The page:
Policeman Nick Rhea has been posted to the country with his wife Mary and their three small children. They move into the police house, high on a ridge overlooking the moors. It sits on the edge of the village of Aidensfield—“probably the most beautiful site in the country.”
In the beautiful North Yorkshire countryside of the 1960s, Constable Nick’s roles are as varied as the eccentric villagers.
He handles every encounter with his characteristic humor, humanity, and professionalism.
His investigations include the case of a clever pony who keeps escaping, a woman running through town naked, and a pack of Canadian timber wolves hanging out in a bus shelter.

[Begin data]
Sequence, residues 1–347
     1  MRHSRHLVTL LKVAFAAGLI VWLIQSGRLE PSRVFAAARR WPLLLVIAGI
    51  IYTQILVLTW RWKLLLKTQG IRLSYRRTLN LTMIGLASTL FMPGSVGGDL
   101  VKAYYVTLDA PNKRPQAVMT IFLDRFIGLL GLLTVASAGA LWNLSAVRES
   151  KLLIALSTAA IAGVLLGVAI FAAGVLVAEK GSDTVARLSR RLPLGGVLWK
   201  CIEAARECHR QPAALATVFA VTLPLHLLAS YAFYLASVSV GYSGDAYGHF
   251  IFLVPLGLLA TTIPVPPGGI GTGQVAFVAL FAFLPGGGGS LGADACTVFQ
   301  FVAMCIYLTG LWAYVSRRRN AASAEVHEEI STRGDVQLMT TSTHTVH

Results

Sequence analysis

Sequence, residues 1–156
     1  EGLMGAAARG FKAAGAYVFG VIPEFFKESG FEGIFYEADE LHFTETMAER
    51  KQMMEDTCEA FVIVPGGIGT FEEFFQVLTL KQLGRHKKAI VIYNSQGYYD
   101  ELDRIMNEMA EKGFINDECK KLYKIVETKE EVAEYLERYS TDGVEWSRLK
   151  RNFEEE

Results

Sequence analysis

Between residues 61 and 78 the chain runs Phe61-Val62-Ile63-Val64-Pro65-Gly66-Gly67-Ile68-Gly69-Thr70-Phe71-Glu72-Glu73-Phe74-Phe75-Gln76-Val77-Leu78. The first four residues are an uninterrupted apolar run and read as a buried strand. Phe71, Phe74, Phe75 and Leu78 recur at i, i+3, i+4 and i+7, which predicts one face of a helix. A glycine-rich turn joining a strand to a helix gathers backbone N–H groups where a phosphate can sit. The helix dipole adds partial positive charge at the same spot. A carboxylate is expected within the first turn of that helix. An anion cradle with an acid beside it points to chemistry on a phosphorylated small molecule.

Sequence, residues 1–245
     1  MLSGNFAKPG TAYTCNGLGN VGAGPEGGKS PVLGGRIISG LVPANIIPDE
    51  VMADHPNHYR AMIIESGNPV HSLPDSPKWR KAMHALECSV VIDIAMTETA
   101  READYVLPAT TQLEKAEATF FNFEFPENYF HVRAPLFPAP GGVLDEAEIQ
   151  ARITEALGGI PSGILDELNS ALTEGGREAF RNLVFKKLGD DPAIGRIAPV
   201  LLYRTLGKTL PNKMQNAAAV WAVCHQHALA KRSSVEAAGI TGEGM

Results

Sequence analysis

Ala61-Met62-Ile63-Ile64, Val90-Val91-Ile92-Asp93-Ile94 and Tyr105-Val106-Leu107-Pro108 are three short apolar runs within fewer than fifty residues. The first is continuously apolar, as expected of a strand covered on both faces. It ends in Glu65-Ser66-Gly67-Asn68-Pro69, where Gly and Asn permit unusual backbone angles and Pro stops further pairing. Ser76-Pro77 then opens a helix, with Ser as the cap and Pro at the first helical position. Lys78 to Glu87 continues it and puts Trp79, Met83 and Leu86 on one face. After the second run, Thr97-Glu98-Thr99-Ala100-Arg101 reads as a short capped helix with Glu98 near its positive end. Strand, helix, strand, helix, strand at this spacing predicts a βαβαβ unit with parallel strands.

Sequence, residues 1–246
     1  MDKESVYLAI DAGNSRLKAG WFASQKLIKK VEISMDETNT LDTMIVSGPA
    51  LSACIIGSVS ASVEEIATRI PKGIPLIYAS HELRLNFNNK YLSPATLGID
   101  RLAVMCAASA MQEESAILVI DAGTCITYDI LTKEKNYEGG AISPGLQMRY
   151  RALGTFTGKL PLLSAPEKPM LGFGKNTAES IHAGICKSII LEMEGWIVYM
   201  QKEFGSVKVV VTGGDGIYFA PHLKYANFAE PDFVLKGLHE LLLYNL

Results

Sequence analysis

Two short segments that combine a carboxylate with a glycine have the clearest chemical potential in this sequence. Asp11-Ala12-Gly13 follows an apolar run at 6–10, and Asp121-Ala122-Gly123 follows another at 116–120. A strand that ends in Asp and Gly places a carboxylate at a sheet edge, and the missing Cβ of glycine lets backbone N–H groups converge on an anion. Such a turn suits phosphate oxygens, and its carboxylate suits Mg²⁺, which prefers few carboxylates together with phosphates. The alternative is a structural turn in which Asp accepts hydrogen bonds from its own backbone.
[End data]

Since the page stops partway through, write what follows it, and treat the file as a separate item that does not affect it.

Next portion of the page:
It’s not the big city, but the Yorkshire countryside is still full of incident.
He soon gets to know all the characters on his beat, from his superior officer Sergeant Blaketon to Claude Jeremiah Greengrass, whose lurcher Alfred lands him with a summons for “allowing a dog to worry livestock on agricultural land.” The ever-resourceful Claude Jeremiah offers the defense that Alfred’s victim, a budgie, cannot be described as livestock!
Perfect for fans of James Herriot, TE Kinsey, Gerald Durrell, J. R. Ellis, or anyone who loves a great read.